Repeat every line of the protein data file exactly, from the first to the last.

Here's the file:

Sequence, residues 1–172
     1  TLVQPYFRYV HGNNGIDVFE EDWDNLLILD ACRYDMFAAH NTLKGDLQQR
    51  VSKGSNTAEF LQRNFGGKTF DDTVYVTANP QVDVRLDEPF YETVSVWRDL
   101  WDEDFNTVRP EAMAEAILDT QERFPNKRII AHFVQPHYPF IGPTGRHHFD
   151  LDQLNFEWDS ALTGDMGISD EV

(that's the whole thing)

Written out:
Sequence, residues 1–172
     1  TLVQPYFRYV HGNNGIDVFE EDWDNLLILD ACRYDMFAAH NTLKGDLQQR
    51  VSKGSNTAEF LQRNFGGKTF DDTVYVTANP QVDVRLDEPF YETVSVWRDL
   101  WDEDFNTVRP EAMAEAILDT QERFPNKRII AHFVQPHYPF IGPTGRHHFD
   151  LDQLNFEWDS ALTGDMGISD EV